Wednesday, August 12, 2009

Sequoia e-voting machine commandeered by clever attack

Using a method known as return-oriented programming, computer scientists have figured out how to trick a widely used electronic voting machine machine into altering tallies by bypassing measures that are supposed to prevent unauthorized code from running on it.

The Sequoia AVC Advantage machine is programmed to execute code only when it's stored on read-only memory chips that are difficult to install and remove. By expressly forbidding running code in random access memory, the intention was to make it impossible for attackers to inject malicious programs that might compromise the integrity of an election.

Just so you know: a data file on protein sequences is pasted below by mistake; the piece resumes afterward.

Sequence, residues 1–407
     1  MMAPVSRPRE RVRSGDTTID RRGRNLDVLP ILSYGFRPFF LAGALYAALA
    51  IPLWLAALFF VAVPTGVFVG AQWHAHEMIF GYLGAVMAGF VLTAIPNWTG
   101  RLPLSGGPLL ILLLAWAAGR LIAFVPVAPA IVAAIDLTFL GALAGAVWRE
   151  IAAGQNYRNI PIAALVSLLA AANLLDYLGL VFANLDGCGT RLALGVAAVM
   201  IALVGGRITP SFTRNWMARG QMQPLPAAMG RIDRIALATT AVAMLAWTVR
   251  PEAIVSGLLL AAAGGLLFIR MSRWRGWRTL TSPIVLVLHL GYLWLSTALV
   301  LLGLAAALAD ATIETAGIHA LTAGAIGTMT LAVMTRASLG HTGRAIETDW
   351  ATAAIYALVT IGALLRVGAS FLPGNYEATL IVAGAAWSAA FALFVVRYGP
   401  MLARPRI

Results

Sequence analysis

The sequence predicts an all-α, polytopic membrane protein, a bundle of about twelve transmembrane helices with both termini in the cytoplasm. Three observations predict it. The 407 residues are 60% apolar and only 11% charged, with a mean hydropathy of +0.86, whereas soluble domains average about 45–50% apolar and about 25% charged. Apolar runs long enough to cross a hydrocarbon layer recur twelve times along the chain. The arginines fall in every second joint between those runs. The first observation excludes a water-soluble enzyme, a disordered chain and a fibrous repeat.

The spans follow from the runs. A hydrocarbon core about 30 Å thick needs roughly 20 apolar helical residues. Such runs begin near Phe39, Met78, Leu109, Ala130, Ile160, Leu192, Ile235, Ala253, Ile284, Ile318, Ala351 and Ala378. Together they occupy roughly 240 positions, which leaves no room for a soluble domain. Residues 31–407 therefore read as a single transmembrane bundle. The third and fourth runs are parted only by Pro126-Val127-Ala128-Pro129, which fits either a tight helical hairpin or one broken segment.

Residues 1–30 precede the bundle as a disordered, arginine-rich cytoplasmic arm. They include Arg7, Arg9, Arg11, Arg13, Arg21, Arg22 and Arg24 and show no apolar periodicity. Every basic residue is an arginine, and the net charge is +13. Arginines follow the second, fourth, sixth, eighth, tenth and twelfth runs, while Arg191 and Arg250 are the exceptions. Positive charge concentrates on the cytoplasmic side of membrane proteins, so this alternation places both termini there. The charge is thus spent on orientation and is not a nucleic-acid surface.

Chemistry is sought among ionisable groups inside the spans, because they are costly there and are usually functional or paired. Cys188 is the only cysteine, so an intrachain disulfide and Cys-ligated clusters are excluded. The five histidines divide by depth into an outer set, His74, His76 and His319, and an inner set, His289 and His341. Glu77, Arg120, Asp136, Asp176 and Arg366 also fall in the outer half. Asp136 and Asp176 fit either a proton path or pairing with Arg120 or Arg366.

However, a computer science research team from Princeton, UC San Diego and the University of Michigan succeeded with an attack by reverse engineering first the hardware on a legally purchased Sequoia AVC Advantage and then also reverse engineer the software it ran by analyzing the ROM. The research was presented this week at the 2009 Electronic Voting Technology Workshop/Workshop on Trustworthy Elections.
"It's excellent research," said David Wagner, a computer scientist from the University of California at Berkeley who attended the conference. "The research is significant because it illustrates that attacks get better over time and it shows just how difficult it is to protect paperless voting systems." ®

See article in The Register.